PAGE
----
As activewear gets girlier—think pom-pom sneakers, tanks with peek-a-boo keyholes, and yes, even bows—it was really only a matter of time before workout skorts made a serious play as a leggings alternative for more feminine dressers. Every buzzy activewear brand's rolled out its own iteration over the past few years: Athleta stocks a wide range, Koral and Sweaty Betty have dabbled in the silhouette, and both Adidas and L'Etoile offer modern, chic updates.
Personally, I get why they're trending—it wound up being my summer wardrobe MVP last year. I wore mine as a beach cover-up, birthday bash go-to, and vegging-out essential. I never actually worked out in it, though.
"I want to look cute, but also be cool and comfortable—it’s like wearing a skirt but without the fear of flashing the whole class."
So this year, when I heard that Outdoor Voices, designer of the cool girl-approved Court Skort, had launched a tweaked version in its signature compression fabric that's higher-waisted and a bit more body conscious, I decided to put it through a fitness test. And after speaking with OV founder Tyler Haney, I was optimistic—she understands the real-girl struggles regarding the garment.
“Wearing skirts is usually inhibitive—you're conscious of how you’re sitting, whether your legs are crossed—but the built-in shorts keep you held in and covered, with a touch of flirt," she says. Don't let its feminine design fool you, however: She assures a skort can handle everything from HIIT to hot yoga. (She wears hers for tennis, cycling, jogging, and golf.)
But could one truly be a substitute for my go-to pair of leggings? For sure, according to Jennifer Ares Cruz, instructor at New York Pilates. “I literally refuse to wear pants from May to September, so skorts are the perfect option,” she tells me. "I want to look cute, but also be cool and comfortable—it’s like wearing a skirt but without the fear of flashing the whole class." Aside from Pilates, she pulls hers on for barre, yoga, dance, hiking, and cruising around on a bike. (Haney also says “cartwheels are highly encouraged” as a skort-appropriate activity.) With their votes of confidence, I was ready to make one my new fitness buddy.
Here's what happened when I worked out in an Outdoor Voices Court Skort for a week.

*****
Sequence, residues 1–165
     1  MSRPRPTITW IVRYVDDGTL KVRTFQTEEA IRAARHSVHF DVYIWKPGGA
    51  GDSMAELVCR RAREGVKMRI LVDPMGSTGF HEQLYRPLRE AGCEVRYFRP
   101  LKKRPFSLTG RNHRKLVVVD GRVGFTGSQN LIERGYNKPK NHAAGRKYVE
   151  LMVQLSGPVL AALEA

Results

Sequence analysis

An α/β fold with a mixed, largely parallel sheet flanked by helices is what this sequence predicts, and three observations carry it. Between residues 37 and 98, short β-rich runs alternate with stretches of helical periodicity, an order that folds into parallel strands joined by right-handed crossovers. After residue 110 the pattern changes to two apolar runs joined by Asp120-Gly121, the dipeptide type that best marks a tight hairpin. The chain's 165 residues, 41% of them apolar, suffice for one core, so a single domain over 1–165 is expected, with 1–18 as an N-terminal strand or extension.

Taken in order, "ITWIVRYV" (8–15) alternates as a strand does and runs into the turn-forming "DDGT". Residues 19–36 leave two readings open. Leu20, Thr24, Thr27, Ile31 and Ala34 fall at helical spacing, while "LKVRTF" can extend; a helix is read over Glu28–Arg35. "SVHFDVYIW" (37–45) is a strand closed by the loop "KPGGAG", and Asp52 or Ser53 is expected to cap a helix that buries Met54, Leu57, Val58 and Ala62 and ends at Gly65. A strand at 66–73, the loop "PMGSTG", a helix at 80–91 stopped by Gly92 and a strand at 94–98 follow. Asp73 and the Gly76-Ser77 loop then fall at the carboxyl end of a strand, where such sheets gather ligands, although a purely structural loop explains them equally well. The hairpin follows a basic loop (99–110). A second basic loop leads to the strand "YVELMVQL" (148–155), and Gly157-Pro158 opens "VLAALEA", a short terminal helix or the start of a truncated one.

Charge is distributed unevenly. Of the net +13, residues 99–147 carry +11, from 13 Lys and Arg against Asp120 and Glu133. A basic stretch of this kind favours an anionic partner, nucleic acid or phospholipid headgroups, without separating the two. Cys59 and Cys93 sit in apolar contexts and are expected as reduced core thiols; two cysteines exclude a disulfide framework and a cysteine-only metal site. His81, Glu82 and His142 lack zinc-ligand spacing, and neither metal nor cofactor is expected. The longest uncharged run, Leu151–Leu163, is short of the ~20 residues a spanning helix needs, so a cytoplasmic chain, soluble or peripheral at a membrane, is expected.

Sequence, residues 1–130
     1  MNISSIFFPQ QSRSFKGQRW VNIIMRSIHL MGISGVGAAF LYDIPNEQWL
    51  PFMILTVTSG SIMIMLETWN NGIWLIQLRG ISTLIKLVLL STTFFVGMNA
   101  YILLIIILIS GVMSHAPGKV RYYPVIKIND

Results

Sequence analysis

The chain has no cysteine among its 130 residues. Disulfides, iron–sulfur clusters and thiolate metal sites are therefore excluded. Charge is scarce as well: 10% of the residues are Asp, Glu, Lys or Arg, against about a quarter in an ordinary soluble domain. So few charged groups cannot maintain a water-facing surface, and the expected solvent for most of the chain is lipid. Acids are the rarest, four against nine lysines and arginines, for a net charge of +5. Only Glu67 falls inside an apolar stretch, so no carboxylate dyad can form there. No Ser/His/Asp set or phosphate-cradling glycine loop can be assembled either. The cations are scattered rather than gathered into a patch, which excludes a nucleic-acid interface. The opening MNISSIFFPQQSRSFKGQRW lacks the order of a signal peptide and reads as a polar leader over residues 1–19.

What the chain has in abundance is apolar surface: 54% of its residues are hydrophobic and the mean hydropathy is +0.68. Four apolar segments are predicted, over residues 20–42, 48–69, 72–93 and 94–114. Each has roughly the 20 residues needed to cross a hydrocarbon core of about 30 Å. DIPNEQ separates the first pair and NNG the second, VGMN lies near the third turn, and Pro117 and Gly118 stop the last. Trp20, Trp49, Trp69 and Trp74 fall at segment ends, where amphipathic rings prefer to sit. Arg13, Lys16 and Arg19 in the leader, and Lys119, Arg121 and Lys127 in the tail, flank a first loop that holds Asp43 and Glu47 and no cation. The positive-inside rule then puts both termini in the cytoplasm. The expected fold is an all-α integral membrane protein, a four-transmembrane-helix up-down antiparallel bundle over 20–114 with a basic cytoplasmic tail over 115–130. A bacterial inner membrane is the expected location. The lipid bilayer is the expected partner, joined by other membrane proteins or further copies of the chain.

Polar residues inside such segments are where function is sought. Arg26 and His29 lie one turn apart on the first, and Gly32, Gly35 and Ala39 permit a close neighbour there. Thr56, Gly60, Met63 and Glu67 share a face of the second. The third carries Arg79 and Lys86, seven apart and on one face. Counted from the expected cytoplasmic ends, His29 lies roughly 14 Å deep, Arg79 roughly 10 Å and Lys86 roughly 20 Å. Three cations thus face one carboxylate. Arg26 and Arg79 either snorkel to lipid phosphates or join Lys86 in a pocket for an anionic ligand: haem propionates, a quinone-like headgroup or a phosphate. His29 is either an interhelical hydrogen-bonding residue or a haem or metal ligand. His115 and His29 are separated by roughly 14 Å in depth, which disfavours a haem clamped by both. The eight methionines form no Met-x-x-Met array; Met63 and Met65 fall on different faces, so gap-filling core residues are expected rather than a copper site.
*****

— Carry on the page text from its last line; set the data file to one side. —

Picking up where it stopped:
What exactly is a skort-appropriate workout?
Tennis is the sport most commonly associated with skirts (or skorts), but I opted to begin my exercise experiment in a space where the feminine piece is less likely to be found: the gym.
Not wanting to commit any faux pas—fashion or otherwise, I was cautious stepping onto an elliptical machine. But as I got moving, my skort held up during bursts of cardio. The rowing machine, however, was trickier. With every pull on the handlebars, I found myself fighting the urge to pause and adjust the skirt flap. Stroke after stroke, it flipped over, drooping on my right thigh, bunching in my crotch. I ran into similar issues on a stationary bike (though the shorts stayed in place, thankfully, so I didn't feel like I was flashing my fellow riders).
While physically comfortable, I still felt slightly self-aware wearing a glorified skirt in the gym’s dude-dominated real estate, so I decided to pull it out for a PiYo (Pilates-yoga fusion) class next. I was struck by how…sexy it felt as I glanced down at my very-exposed upper thigh while checking alignment mid-warrior three. During twists and oblique work, the skirt portion grazed the mat—still, it didn't interrupt my flow.
It was there, in front of a wall of mirrors and a room full of strangers, that I truly found the skort's sweet spot.
But what about during burpees? A very sweaty HIIT class felt like the ultimate way to test a skort's workout limits. Surprisingly, it stayed in place—even during skater jumps and side-shuffles. It did, however, become somewhat distracting during plank-based moves like push-ups or leg lifts—the skirt component trailed the ground with each rep, and the bike shorts migrated up a couple inches. Nothing too revealing, though.
I was feeling good about its overall performance going into my final workout of the week: dance class. It was there, in front of a wall of mirrors and a room full of strangers, that I truly found the skort's sweet spot. Its kicky shape and I stayed in sync during every shimmy and hip shake. As I flailed around euphorically to “Despacito” in the back row, I felt completely free and unselfconscious—about both my moves and my fitness-fashion choices. It’s the closest I’ve ever come to realizing my career goals of backup dancer or Bat Mitzvah hype woman. Now, I don’t really want to dance in anything else.
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